Ruth Runberg knows a good thing when she sees it. After being a buyer for Saks, Barneys and most recently Browns of London she has made a career out of picking beautiful things. Here Ruth shares a few of her favorite finds on Taigan!
I love a gin and tonic. Try this quinine-botanical-cane sugar elixir from Charleston and you’ll never go back to the plastic two-liter of tonic.
My husband is the oenophile of the house and this elegant rosewood corkscrew is a tool as beautiful as functional. A serious upgrade from his plastic model!
Cloth cocktail and table napkins are so much nicer on the kisser that we use them for all our meals, with company or just us. So I am always on the lookout for great-looking linens like these.
Julia Reed, Frank Stitt and The Lee Brothers are my entertaining oracles, co-existing in harmony in my kitchen cookbook area. Before I die, I would love to crash one of the epic parties Reed describes in her books and I plan to prepare her Sauteed Oysters on Toast recipe in from this book—sure to be a holiday party hit.
I don’t know much in life that is more wonderful than cheese. And plunking down three good cheeses, some pepper jelly or membrillo and a basket of baguette slices is the easiest party crowd-pleaser. A slate board adds a refined ruggedness to your presentation and also keeps your cheeses a cooler temperature.
Garden stools are invaluable chameleons when entertaining. They are easily moved, yet sturdy enough to serve as an extra seat for a crowd. They make wonderful end tables (on which sweaty drinks won’t leave a ring!). In a powder room, they are the perfect perch for flowers, a candle or a stack of hand towels. Once you own one, you’ll never know how you operated without.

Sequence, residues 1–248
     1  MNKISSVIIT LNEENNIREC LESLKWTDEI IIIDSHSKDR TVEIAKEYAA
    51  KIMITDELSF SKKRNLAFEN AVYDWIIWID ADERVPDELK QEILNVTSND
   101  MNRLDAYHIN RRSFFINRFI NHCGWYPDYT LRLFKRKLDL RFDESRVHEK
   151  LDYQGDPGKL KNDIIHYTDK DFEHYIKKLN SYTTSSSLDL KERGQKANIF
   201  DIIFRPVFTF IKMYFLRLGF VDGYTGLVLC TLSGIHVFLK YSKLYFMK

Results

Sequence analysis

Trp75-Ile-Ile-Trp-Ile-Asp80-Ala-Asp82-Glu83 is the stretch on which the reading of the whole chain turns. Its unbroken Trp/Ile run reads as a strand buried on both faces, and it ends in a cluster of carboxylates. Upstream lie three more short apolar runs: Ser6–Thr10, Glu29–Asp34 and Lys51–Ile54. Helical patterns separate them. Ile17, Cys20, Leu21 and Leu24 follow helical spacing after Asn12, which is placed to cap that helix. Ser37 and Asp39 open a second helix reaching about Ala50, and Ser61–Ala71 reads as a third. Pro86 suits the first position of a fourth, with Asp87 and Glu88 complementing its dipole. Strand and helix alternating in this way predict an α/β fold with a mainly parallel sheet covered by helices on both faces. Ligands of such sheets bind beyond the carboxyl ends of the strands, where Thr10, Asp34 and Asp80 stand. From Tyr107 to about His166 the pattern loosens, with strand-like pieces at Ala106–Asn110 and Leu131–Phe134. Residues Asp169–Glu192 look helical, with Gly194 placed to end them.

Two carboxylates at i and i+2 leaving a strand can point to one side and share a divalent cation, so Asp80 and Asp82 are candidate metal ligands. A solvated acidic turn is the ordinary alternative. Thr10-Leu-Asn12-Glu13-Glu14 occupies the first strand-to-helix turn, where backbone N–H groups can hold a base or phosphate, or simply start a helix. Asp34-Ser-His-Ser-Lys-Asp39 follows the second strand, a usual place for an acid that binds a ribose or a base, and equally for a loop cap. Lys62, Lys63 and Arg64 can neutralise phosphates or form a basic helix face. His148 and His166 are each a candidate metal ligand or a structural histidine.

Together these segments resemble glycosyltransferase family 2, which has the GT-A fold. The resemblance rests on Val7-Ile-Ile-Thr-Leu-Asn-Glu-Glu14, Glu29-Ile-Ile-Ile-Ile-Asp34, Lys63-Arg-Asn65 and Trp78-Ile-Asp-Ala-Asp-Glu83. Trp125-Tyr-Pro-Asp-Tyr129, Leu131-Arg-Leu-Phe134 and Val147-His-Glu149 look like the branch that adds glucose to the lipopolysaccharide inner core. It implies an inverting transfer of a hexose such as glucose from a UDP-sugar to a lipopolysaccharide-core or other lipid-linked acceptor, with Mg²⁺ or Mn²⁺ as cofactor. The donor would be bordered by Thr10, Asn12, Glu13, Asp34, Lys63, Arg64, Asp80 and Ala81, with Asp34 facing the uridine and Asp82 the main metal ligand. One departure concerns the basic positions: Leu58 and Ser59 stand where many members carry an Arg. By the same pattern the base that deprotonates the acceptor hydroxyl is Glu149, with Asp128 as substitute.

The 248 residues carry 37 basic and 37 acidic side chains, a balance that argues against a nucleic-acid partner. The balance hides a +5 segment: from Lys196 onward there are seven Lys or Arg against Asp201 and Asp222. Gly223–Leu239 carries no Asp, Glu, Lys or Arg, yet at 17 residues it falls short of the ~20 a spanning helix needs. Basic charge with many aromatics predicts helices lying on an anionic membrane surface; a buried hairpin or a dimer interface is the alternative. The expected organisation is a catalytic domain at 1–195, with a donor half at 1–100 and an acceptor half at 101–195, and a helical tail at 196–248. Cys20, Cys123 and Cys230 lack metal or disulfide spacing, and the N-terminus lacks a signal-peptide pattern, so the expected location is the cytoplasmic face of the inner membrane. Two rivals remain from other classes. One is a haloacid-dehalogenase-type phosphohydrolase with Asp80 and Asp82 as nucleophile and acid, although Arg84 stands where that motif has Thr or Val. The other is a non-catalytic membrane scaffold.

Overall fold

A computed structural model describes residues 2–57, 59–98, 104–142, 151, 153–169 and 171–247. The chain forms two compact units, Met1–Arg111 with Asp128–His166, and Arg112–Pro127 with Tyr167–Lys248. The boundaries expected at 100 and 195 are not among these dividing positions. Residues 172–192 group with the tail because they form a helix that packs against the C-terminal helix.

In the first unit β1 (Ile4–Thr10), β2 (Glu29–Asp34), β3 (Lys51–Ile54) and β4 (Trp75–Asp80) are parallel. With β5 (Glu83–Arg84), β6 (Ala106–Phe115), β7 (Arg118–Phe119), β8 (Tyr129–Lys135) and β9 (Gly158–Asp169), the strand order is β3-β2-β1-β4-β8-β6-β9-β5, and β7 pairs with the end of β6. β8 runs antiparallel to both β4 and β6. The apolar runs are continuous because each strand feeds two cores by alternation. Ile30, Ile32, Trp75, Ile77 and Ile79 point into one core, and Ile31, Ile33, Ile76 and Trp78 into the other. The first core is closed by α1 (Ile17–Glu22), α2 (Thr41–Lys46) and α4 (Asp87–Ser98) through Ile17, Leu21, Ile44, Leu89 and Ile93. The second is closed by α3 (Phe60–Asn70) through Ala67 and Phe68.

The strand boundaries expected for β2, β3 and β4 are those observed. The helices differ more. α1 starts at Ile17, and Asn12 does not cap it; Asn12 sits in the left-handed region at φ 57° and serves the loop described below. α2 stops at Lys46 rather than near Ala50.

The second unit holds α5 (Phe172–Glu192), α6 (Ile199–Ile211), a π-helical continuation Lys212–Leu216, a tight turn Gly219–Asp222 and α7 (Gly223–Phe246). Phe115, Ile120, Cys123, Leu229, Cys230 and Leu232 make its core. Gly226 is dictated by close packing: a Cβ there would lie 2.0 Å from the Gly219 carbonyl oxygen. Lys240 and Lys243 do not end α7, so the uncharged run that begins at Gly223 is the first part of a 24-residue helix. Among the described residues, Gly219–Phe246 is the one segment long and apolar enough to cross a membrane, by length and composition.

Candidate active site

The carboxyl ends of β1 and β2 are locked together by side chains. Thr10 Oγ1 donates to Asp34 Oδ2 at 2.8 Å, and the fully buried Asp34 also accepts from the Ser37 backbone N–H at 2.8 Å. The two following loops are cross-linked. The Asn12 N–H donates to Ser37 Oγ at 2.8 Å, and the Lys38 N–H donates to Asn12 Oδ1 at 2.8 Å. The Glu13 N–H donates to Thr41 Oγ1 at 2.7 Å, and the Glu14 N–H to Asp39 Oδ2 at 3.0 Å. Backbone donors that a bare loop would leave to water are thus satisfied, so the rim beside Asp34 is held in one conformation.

The little shop of Cire Troudon, the world’s oldest candlemaker, is one of my favorite Paris spots. I stock up on their Abd El Kader candle. The fresh scent of green mint, tobacco and ginger reminds me of Morocco, another favorite place of mine.
This set of 15 goblets will serve a crowd and add some color to a table. You can never have too many beautiful glasses to mix and match with your china.
I have a pair of these, which twinkle beautifully with a fat, beeswax pillar candle in each on the table. They also are just the right height to contain an arrangement of long, autumnal branches for a festive holiday sideboard or fabulous fall centerpiece.
My mother-in-law has a beautiful collection of antique Imari china from the years they lived in Japan, and she has taught me about the history of the patterns. This vase would be a gorgeous centerpiece on a fall table, with greenery spilling over the edges or stacked high with clementines.
I chose Herend’s Chinese Bouquet in rust for my wedding china. Perhaps I need to invest in this platter before my family arrives from North Carolina for Thanksgiving—perfect for the turkey!
Another favorite shop of mine in Paris is the tiny Astier de Villate, filled with delicate handmade pottery glazed in their distinctive glossy white. Their serving bowls are functional, dishwasher-safe and the clean lines and elegant style modernize the feel of a table set with more traditional china.
I love to cook, but I rarely make dessert, often serving ice cream and cookies to company. This sampler of Nye’s ice cream sandwiches is the perfect no-fuss treat to serve with coffee. And they are made with Tar Heel love in North Carolina, my home state!